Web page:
A research group headed by Dr. TANG Peng from Nanjing Institute of Geology and Palaeontology, Chinese Academy of Sciences described a permineralised gymnospermous wood, Xenoxylon junggarensis sp. nov. from the Norian (upper Triassic) Huangshanjie Formation in Dalongkou Section, Jimsar County, Xinjiang Uygur Autonomous Region, northwestern China. The pycnoxylic wood consists of thick-walled tracheids and thin-walled rays. It is characterized by commonly rounded to very compressed, contiguous or sometimes separated uniseriate, occasionally rounded and alternate biseriate radial pits and one or two simple, large pits in each corss-field. The fossil wood genus Xenoxylon Gothan is known to be an indicator of cooler and/or wetter climates in the boreal hemisphere during the Mesozoic. Its occurrence in the Huangshanjie Formation from Junggar Basin, together with the palaeobotanical and palynological data, indicates that a wet and temperate climate prevailed in the northern Xinjiang during the Norian interval. The mean sensitivity of analysis of 22 growth rings is 0.36, suggesting a seasonal response to climate. Growth rings in the fossil woods are large (2.3 mm average with a maximum of 5.44 mm), representing either a longer growing season or more favorable conditions for growth, including readily available water and higher temperature. Based on a considerable amount of earlywood and a small percentage of latewood and some indirect evidence, it is hypothesized that growth of Xenoxylon junggarensis in the high-latitude Junggar Basin in the late Triassic was limited by light levels.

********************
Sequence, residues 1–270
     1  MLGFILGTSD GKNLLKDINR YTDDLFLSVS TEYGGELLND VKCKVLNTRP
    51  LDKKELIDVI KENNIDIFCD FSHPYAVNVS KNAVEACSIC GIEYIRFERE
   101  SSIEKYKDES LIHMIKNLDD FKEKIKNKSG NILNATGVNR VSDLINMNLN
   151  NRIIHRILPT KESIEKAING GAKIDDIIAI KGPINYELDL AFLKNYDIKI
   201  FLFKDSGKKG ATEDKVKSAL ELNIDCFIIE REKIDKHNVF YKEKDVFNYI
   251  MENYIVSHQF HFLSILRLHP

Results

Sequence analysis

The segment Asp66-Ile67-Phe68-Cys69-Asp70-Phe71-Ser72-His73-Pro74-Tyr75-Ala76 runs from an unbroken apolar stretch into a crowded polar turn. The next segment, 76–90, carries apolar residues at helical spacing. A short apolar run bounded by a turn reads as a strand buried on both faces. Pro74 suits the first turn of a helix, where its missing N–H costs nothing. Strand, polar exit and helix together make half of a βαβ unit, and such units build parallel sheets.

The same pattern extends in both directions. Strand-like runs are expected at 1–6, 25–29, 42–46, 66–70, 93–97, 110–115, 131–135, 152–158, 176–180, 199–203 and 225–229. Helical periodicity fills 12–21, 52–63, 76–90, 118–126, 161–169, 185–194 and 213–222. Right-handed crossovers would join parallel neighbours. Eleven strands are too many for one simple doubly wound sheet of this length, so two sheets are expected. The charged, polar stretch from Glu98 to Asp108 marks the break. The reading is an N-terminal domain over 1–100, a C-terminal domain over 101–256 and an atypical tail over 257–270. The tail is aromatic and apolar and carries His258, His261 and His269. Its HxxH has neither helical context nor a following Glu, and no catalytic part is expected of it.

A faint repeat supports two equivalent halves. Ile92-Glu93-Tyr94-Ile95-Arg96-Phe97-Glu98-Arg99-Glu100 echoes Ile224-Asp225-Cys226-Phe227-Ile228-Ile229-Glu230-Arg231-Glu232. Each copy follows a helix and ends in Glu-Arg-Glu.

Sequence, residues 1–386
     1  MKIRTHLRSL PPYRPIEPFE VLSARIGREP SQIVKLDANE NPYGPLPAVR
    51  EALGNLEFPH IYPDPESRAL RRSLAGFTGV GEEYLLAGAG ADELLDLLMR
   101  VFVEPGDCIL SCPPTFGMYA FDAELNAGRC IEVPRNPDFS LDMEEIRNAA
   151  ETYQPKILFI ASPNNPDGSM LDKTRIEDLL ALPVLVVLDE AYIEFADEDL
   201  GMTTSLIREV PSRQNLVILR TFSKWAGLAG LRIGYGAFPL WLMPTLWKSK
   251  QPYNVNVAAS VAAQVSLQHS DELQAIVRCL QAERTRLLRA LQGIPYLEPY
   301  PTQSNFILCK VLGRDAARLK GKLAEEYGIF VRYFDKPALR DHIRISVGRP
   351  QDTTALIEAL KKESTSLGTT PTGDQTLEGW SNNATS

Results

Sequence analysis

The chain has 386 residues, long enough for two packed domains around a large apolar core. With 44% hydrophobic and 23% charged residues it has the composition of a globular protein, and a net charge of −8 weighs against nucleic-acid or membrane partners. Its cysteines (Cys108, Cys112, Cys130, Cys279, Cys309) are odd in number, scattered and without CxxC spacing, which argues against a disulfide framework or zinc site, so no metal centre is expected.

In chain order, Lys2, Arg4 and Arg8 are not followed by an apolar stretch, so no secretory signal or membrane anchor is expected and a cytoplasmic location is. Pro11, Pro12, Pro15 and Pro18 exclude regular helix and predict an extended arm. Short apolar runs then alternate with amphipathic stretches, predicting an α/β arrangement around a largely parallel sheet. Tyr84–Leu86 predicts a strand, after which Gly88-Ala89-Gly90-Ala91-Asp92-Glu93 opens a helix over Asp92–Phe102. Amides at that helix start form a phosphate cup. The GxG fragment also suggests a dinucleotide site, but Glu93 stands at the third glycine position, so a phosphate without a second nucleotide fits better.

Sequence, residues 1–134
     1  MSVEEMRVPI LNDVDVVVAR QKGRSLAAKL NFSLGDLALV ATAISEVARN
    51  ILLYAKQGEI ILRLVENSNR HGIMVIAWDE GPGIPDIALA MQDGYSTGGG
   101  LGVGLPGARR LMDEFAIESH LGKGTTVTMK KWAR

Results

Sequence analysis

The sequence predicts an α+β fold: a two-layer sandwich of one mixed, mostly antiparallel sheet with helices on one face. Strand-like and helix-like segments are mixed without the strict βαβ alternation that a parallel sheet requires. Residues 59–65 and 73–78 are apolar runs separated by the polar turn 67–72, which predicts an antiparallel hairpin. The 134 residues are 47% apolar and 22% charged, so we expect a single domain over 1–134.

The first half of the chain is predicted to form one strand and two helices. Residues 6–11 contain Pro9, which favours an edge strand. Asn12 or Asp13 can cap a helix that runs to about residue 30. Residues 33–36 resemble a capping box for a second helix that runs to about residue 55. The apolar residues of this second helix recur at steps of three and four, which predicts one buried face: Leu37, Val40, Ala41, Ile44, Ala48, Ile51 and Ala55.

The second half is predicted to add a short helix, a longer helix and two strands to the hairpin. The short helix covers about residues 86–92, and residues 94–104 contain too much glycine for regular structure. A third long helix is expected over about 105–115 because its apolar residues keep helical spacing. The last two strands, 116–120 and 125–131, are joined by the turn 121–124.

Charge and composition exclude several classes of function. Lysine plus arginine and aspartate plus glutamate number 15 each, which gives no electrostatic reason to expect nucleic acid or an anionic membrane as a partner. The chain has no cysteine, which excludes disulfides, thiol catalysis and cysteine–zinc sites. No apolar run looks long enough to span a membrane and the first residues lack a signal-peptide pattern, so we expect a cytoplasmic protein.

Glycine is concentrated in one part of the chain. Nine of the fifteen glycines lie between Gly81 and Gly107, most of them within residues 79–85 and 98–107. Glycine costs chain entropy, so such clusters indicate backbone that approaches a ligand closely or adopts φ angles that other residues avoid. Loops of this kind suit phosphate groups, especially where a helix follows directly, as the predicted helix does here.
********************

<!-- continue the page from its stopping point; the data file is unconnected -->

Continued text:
This research was recently published in Palaeogeography, Palaeoclimatology, Palaeoecology.
This research was jointly supported by the State Key Laboratory of Palaeobiology and Stratigraphy, National Basic Research Program of China and the National Nature Science Foundation of China.